A good rule of thumb about custom symbols is that you should only use them if the following is true:

  • Their meanings are well known or would make sense to anyone reading the code.
  • They are easy to type on the keyboard.

This last operator you implement matches both of these conditions. The vector dot product takes two vectors and returns a single scalar number. Your operator will multiply each value in a vector with its counterpart in the other vector, and then add up all these products.

The dot product symbol is which you can easily type with Option 8 on the keyboard.

You might be thinking, " I can only do the same thing I did with all other operators in this tutorial, right? "

Unfortunately, you can't do that yet. In the other cases, you overload an operator that already exists. For new custom operators, you must create the operator first.

Directly under the Vector implementation, but above the CustomStringConvertible compliance extension, add the following statement:

  infix operator •: AdditionPrecedence

This defines as an operator that must be placed between two other values ​​and has the same precedence as the auxiliary operator + . Just ignore priority at the moment because you want to get back to it.

Now that this operator is registered, you can add the implementation to the end of the operator extension, just below the implementation of the multiplication and cross product operators * :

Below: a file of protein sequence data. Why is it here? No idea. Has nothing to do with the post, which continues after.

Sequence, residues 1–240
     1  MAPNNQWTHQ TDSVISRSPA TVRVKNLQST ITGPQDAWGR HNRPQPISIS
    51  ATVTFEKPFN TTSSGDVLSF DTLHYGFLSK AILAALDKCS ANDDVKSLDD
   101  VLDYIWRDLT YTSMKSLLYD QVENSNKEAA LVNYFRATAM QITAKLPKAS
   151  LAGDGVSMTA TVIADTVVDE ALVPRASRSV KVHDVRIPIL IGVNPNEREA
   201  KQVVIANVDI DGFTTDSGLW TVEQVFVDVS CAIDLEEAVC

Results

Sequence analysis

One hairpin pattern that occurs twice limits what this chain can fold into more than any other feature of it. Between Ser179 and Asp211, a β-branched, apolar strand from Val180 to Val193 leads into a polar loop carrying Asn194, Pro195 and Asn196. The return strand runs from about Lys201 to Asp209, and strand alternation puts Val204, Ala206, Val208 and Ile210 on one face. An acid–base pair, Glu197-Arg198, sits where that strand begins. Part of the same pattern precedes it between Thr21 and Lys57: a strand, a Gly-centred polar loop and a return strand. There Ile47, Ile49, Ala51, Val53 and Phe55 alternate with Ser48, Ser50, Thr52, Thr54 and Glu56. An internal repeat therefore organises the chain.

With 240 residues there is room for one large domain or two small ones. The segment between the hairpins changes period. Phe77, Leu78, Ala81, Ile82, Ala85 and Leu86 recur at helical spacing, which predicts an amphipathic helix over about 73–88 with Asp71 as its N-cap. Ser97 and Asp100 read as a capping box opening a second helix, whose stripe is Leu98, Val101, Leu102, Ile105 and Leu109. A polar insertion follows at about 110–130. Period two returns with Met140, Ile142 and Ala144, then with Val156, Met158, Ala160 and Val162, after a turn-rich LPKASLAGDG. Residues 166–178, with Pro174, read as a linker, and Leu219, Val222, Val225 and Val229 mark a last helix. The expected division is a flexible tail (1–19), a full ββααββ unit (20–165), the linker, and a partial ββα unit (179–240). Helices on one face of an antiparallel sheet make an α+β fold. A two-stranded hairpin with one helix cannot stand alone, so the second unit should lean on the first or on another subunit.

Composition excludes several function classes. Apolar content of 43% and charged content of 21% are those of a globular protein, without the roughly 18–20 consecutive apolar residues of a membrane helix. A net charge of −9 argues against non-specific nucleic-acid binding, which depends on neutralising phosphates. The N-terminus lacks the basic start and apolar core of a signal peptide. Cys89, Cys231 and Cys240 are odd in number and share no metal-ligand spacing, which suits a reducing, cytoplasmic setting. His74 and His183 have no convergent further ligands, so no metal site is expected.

static funk • (left: vector, right: vector ) -> Int {
return left.x * right.x + left.y * right.y + left.z * right.z
}

Add the following code at the bottom of your playground to test this out:

  vectorA • vectorB // 15

Everything looks good so far … or does it? Try the following code at the bottom of the playground:

  vectorA • vectorB + vectorA // Error!

Xcode is not very happy with you. But why?

Right now, and + have the same precedence, so the compiler analyzes the expression from left to right. The compiler interprets your code as:

  (vector A • vector B) + vector A

This expression boils down to Int + Vector that you have not implemented and do not plan to implement. What can you do to fix this?

Precedence Groups

All operators in Swift belong to a priority group which describes the order in which the operators should be evaluated. Do you remember learning the order of operations in elementary school math? That's really what you're dealing with here.

In the Swift standard library, the order is as follows:

 Swift custom operator precedence and associativity table

Here are a few notes about these operators, since you may not have seen them before :

  1. Bit shift operators, << and >> are used for binary calculations.
  2. You use casting operators, are and like to determine or change a value type.
  3. Zero interconnection operator, ?? contributes to providing a setback value for optional values.
  4. If your custom operator does not specify a precedence, Standard Precedence is automatically assigned.
  5. The ternary operator, ? : is analogous to another statement.
  6. AssignmentPrecedence for derivatives of = is evaluated after everything else, no matter what.

The compiler analyzes types that have a left associativity such that v1 + v2 + v3 == (v1 + v2) + v3 . The opposite is the case for right associativity.

Operators are analyzed in the order they appear in the table. Attempt to rewrite the following code using parentheses: